Figure 2
figure 2

Simplified molecular structure of the glomerular wall. Foot processes rely on the organization of the underlying actin cytoskeleton that is similar to those of the axons ¬. The free space between two processes is classically named the slit diaphragm Á. The resistance of this structure is brought about by two molecular systems of adhesion that cross the slit diaphragm and strongly stick the foot processes in vis a vis: the nephrin and the cadherin FAT Á. In addition, the foot processes are also stuck on the laminine of the glomerular basement membrane by two other systems of adhesion: the integrin and the dystroglycans Â. The synergies between these adhesion systems prevent any dislocation of the endothelium and the capillary structure. Despite the efficiency of the glycocalyx to retain immunoglobulins and albumin, a small amount of plasma proteins reach the podocyte layer, are internalized in the foot process by the neonatal Fc receptor à and transferred by trancytosis in the urinary chamber, beyond the slit diaphragm. See text for details and references.

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The EBV Model in Idiopathic Nephrotic Syndrome

Based on all the previous findings reported above, we hypothesized a possible integrated mechanism for Idiopathic Nephrotic Syndrome ( Figure 3 ). It is likely that anti-EBNA1 antibodies that reach the glomerular basement membrane are internalized into the podocyte via the neonatal Fc receptor as any other antibody, regardless to its specificity. Thereafter it is supposed that anti-EBNA1 antibodies cross react with a major podocyte protein that is present in the same trafficking compartment, directing by mistake this protein toward the urinary space. Massive proteinuria and loss of foot processes might consequently result from the accidental depletion of a major podocyte protein. Since the ability of the podocytes to produce the intact protein remains normal, the clearance of anti-EBNA1 in the blood circulation due to the suppression of B cells by steroids or other immunosuppressive treatments would dramatically restore the normal level of the protein leading to the full recovery of the massive proteinuria and of the foot processes organization. The long lasting remissions obtained with cyclophosphamide and rituximab that are CD20-depleting drugs in 30–40% of patients with steroid dependency are also consistent with a central role of EBV latency in B cells. This mechanism might fully explain the unique status of Idiopathic Nephrotic Syndrome as a cold autoimmune disease without any inflammatory features, where high dosage of steroids are able to restore a normal urinary excretion of protein (a few mg/day) in a very short delay. To date, no cross reacting anti-EBNA1 antibodies targeting a podocyte protein have been evidenced in patients with steroid sensitive nephrotic syndrome, however this possibility have not been explored yet and should be investigated.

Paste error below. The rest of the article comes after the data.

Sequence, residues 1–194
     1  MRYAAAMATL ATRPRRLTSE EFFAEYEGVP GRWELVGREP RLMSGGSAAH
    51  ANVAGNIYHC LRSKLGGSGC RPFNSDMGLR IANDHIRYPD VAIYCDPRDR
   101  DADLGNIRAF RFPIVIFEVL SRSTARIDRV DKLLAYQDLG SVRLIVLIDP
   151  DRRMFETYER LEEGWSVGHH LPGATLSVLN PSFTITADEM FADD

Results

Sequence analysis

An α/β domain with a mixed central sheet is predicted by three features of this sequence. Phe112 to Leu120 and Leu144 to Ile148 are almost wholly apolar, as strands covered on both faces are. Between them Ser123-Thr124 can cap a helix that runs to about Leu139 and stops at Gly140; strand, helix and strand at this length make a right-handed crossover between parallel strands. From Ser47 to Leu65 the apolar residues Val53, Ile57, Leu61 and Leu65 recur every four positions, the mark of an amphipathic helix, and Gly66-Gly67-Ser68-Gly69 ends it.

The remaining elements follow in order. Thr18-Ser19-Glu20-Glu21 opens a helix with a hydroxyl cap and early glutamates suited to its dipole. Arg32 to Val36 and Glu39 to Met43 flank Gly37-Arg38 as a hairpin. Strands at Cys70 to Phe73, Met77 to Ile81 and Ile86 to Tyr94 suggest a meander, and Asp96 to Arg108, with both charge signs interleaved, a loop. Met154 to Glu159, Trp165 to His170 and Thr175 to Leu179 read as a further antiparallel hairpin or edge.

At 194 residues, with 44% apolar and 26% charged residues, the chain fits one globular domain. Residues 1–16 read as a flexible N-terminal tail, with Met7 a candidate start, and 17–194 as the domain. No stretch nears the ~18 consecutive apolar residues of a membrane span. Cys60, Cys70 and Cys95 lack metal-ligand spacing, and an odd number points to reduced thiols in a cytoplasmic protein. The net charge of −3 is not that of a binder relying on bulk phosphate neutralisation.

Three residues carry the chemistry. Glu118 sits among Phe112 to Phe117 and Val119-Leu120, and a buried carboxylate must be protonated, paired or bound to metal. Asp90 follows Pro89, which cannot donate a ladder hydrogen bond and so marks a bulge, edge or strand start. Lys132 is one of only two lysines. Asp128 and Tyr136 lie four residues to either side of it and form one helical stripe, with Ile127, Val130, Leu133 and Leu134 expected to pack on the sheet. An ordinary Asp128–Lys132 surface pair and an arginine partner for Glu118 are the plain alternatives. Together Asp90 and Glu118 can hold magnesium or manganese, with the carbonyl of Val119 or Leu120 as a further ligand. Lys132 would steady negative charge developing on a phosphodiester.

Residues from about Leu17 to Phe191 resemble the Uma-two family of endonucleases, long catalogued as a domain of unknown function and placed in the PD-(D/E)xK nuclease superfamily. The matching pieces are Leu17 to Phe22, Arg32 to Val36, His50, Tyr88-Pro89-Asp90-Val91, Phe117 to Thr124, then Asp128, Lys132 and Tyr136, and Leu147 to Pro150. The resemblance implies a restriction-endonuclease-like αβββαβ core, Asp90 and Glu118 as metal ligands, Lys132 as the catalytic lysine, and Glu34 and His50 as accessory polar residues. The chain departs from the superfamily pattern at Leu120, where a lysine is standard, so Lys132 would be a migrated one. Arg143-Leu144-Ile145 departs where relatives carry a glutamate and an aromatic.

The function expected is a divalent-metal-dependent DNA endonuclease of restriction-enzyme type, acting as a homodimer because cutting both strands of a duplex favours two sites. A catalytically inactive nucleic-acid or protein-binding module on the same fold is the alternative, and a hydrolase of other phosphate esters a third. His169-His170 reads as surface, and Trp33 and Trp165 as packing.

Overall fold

Figure 3
figure 3

The EBV model in Idiopathic Nephrotic Syndrome. EBV is able to establish a lifelong, latent benign infection in memory B cells that display similar phenotype to antigen-selected memory B cells but express the latency 0 or EBNA1 only program. The ability to produce anti-EBNA1 antibodies is determined by class II Major Histocompatibility Complex DQA and DQB. The physiological internalization of anti-EBNA1 antibodies in the podocytes via the neonatal Fc receptor might lead to a cross-reaction with a podocyte protein present in the same trafficking compartment, mistakenly directing this protein toward the urinary space. See text for details and references.

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Statement of Financial Support

No financial assistance was received to support this paper. Disclosure: No financial conflict of interest is linked to this paper.